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Results and evaluation of a survey to estimate Pacific walrus population size, 2006

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Full Publication: https://doi.org/10.1111/j.1748-7692.2010.00419.x

Product Type: Journal Article
Year: 2011

Authors: Speckman, S. G., V. I. Chernook, D. M. Burn, M. S. Udevitz, A. A. Kochnev, A. Vasilev, C. V. Jay, A. Lisovsky, A. S. Fischbach, and R. B. Benter

Suggested Citation:
Speckman, S. G., V. I. Chernook, D. M. Burn, M. S. Udevitz, A. A. Kochnev, A. Vasilev, C. V. Jay, A. Lisovsky, A. S. Fischbach, and R. B. Benter. 2011. Results and evaluation of a survey to estimate Pacific walrus population size, 2006. Marine Mammal Science 27(3):514-553. doi:10.1111/j.1748-7692.2010.00419.x

Abstract


In spring 2006, we conducted a collaborative U.S.-Russia survey to estimate abundance of the Pacific walrus (Odobenus rosmarus divergens). The Bering Sea was partitioned into survey blocks, and a systematic random sample of transects within a subset of the blocks was surveyed with airborne thermal scanners using standard strip-transect methodology. Counts of walruses in photographed groups were used to model the relation between thermal signatures and the number of walruses in groups, which was used to estimate the number of walruses in groups that were detected by the scanner but not photographed. We also modeled the probability of thermally detecting various-sized walrus groups to estimate the number of walruses in groups undetected by the scanner. We used data from radio-tagged walruses to adjust on-ice estimates to account for walruses in the water during the survey. The estimated area of available habitat averaged 668,000 km2 and the area of surveyed blocks was 318,204 km2. The number of Pacific walruses within the surveyed area was estimated at 129,000 with 95% confidence limits of 55,000 to 507,000 individuals. This value can be used by managers as a minimum estimate of the total population size.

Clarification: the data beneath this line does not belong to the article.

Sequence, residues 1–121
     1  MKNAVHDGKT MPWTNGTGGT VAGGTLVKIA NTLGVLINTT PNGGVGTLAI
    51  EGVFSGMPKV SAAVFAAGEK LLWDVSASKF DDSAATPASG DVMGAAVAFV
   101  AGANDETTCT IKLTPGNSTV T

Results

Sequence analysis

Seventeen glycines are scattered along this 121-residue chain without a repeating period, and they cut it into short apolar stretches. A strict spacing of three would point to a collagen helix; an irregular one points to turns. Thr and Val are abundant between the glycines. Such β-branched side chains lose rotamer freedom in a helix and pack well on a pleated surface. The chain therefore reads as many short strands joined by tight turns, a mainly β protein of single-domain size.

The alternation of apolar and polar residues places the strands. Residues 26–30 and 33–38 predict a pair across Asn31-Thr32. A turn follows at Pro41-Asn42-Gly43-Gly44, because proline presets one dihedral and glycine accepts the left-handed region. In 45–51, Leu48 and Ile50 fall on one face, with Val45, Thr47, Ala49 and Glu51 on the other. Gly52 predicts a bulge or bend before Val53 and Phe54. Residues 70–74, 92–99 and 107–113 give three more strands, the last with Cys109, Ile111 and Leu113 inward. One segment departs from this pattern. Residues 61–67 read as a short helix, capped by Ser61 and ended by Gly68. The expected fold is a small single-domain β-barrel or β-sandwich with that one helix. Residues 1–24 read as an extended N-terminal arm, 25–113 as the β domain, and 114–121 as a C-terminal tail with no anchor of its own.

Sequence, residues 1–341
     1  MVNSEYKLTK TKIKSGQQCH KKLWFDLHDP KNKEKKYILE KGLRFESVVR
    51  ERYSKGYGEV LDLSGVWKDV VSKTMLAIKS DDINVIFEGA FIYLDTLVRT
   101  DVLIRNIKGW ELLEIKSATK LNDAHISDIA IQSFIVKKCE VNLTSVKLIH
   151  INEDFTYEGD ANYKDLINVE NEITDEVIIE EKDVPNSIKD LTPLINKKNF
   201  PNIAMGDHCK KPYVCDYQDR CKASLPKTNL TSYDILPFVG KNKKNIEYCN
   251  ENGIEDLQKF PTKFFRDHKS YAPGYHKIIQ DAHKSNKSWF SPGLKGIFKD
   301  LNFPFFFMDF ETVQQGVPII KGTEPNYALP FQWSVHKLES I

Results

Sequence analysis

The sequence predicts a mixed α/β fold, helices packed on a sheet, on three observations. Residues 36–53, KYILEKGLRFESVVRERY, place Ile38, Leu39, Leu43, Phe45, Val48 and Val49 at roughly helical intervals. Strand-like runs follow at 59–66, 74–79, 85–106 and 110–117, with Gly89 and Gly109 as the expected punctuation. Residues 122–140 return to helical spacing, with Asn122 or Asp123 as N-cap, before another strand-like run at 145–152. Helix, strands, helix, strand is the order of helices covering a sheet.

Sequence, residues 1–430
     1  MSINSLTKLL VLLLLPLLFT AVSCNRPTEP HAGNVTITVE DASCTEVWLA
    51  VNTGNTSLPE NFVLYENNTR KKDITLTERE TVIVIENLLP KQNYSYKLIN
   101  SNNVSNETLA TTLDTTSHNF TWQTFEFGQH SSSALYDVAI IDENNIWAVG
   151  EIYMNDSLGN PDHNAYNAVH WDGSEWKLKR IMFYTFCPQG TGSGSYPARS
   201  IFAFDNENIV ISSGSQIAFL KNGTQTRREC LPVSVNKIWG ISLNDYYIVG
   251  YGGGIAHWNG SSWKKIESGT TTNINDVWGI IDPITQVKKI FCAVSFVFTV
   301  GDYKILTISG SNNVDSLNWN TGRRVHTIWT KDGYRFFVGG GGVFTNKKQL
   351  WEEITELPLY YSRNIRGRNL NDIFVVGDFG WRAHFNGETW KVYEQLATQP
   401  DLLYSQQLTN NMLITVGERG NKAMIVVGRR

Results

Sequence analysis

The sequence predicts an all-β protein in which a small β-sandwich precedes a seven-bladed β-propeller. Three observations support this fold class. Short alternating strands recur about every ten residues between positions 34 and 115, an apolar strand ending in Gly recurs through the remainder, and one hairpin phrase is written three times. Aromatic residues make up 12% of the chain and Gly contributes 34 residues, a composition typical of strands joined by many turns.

(Russian version - 2.3 mb pdf)

Keywords: Pacific walrus, thermal imagery, abundance, detection

Annotation


Sound assessments of population status are important for the international management of Pacific walruses. The methods in this study provide useful tools and techniques for surveying large swaths of walrus territory. The population estimate of 129,000 with 95% confidence limits of 55,000507,000 individuals likely represents the number of Pacific walruses within about half of potential walrus habitat, since poor weather conditions precluded surveying in other areas.